Log Buffer #183, A Carnival of the Vanities for DBAs

Posted in: Technical Track

Hello folks, it’s great to be back from hiatus. This is the 183rd edition of Log Buffer (arguably the best edition of Log Buffer yet!), the weekly review of database blogs.

The last time I wrote this was just under 2 years ago!!! WoW. Things have changed. Sun bought MySQL, Oracle bought Sun. Those were bombshell deals. At least you can rest assured that some things can be constant. I still eat my daily serving of broccoli (among other healthful “things”). I urge you all to go the fridge and grab some veggies prior to sitting down for this week’s… ahem… digest.

Starting with Oracle, Pythian’s own Alex Fatkulin illustrates a bug (?…likely) that could lead to logically corrupted data. Doug Burns provides an update on his Hotsos 2010 trip with some serious thumbs-up action pointing in Tanel Poder’s direction and his affinity toward SQL*Plus.

Over at Mark Rittman’s Oracle Weblog, Venkatakrishnan J talks about Oracle Warehouse Builder 11gR2 – Importing Essbase Cubes using ODI Knowledge Modules – Part 1. This should drive the MySQL folks bonkers (in a good way) since he points to an example by David Allen to import MySQL Metadata over and vice versa.

Oracle Virtualization Blog’s Adam Hawley let everyone know about a Best Practices around Oracle VM with RAC RAC SIG webcast. It was on March 18th, but it was recorded and should be available online. I’m interested in this stuff so I included it here. I hope you can enjoy it too.

I had the honour to recently provide a training session at a customer site on tuning methods and tools. A key topic of the discussion was related to Oracle statistics and the CBO. It was timely that the Oracle Scratchpad’s Jonathan Lewis posted a series created by Doug Burns all about stats. Nice.

Has anyone ever told you (or maybe you deduced it on your own) that leaving out where clauses is a bad thing. Well, leave it to Charles Hooper on his Oracle Notes to prove to us that sometimes, they are actually more efficient for solving certain types of problems. In another excellent post titled Physical Reads are Very Fast, Why is this SQL Statement Slow Charles also dives into why a slow query is “actually” slow. There’s an interesting discussion taking place. More performance tuning goodness was posted by Joel Goodman discussing some interesting behaviour with Oracle Index Leaf Blocks contention. Tell RAC to Leave Your Leaves Alone! Kerry Osborne illustrates the use of an interesting hidden parameter (_high_priority_processes) to resolve “log file sync” issues.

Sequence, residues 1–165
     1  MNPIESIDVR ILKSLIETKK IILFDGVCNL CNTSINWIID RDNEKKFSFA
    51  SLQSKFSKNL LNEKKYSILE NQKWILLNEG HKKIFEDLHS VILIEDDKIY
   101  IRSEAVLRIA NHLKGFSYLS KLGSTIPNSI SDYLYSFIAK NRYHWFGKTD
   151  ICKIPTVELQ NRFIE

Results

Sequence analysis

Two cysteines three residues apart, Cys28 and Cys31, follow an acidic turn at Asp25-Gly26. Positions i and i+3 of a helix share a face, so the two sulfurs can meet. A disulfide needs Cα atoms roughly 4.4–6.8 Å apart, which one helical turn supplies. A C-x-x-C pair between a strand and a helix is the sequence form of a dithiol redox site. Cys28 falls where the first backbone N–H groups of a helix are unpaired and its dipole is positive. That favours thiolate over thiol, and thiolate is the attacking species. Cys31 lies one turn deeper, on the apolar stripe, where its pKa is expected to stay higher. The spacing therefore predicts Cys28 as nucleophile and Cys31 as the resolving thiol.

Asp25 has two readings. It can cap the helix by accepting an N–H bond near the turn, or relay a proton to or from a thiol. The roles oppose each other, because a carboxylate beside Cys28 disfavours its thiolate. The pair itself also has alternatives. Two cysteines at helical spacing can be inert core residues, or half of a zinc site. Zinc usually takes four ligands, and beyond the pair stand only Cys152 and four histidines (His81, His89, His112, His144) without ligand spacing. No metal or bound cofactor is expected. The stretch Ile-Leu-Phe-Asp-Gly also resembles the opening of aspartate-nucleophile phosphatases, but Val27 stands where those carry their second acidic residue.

Over on the other side of the fence in the MySQL world, Jay Pipes @ Join-Fu gives us some background on the MySQL Transaction Log. Vadim Tkachenko with the MySQL Performance Blog has a number of posts on Percona 9.1 as well as a list of related sessions at the 2010 MySQL conference. Check it out.

On a more somber note (and by somber I mean legal, we all hate legalese don’t we?), Giuseppe Maxia over at The Data Charmer discusses Protocol, the GPL, and how Bazaar can help. He also has some good takeaways from the Linux MySQL distros meeting in Brussels. Baron Schwartz at xaprb has a new tool he’d like the MySQL folks to take for a spin. Try mk-query-advisor, a new Maatkit tool. It uses heuristics to find problems in SQL. Please use it and give feedback!

Are you interested in MySQL Clustering? I am. Andew Morgan has a new post introducing a tutorial to Build MySQL Cluster 7.1 from source – including MySQL Cluster Connector for Java. With Alex Fatkulin maybe running into an as yet possibly, sort of , kinda non-discovered bug, it’s only fair we also get some vision into the dark side on the MySQL front. Shlomi Noach states But I DO want MySQL to say “ERROR”!.

Brian Aker invites readers to participate at this year’s O’Reilly MySQL User’s Conference where they will be doing their first ever Ignite talk series.

Lastly, Stewart Smith has a very good set of posts illustrating Stored Procedures/Functions for Drizzle. Check this out (from Stewart’s post).

drizzle> select libtcc("#include <string.h>\n#include <stdlib.h>\nint foo(char* s) { char *a= 0x199c610; strcpy(s, a); return strlen(s); }") as result;
| result       |
| Hello World! |
1 row in set (0.01 sec)

I dare you.

On to SQL Server….

Scary DBA SQL MVP Grant Fritchey discusses Undocumented Virtual Column: %%lockres% and also recaps the SNESSUG March Meeting.

Jamie Thomson gives keyboard junkies some tips to Kill your temp tables using keyboard shortcuts : SSMS. Anyone interested in distributed queries should read Buck Woody’s Using linked servers, OPENROWSET and OPENQUERY.

Finally, Aaron Bertrand says with conviction “Yes, you can benefit from both data and backup compression”.

Having now exhausted my supply of munchies, it is time for me to retire. I bid you all a fantastic week. Keep your data safe, folks.


Want to talk with an expert? Schedule a call with our team to get the conversation started.

About the Author

Shakir Sadikali is a senior database specialist with The Pythian Group. His areas of interest are scalability, data-modeling, and performance tuning.

1 Comment. Leave new

Pythian Group: Log Buffer #183, a Carnival of the Vanities for DBAs | Weez.com
March 20, 2010 3:09 pm

[…] View full post on Planet Drizzle […]


Leave a Reply

Your email address will not be published. Required fields are marked *